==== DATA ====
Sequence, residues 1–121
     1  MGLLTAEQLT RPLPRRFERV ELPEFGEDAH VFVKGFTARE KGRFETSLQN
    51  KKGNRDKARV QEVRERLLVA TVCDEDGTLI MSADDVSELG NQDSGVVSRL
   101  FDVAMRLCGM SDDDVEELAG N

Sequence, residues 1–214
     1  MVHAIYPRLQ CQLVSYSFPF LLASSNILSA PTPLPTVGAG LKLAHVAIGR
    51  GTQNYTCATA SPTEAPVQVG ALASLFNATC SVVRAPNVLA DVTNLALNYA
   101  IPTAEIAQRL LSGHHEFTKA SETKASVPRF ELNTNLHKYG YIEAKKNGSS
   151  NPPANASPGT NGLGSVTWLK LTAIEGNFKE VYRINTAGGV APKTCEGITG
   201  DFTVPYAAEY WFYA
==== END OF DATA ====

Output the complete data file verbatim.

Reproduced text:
Sequence, residues 1–121
     1  MGLLTAEQLT RPLPRRFERV ELPEFGEDAH VFVKGFTARE KGRFETSLQN
    51  KKGNRDKARV QEVRERLLVA TVCDEDGTLI MSADDVSELG NQDSGVVSRL
   101  FDVAMRLCGM SDDDVEELAG N

Sequence, residues 1–214
     1  MVHAIYPRLQ CQLVSYSFPF LLASSNILSA PTPLPTVGAG LKLAHVAIGR
    51  GTQNYTCATA SPTEAPVQVG ALASLFNATC SVVRAPNVLA DVTNLALNYA
   101  IPTAEIAQRL LSGHHEFTKA SETKASVPRF ELNTNLHKYG YIEAKKNGSS
   151  NPPANASPGT NGLGSVTWLK LTAIEGNFKE VYRINTAGGV APKTCEGITG
   201  DFTVPYAAEY WFYA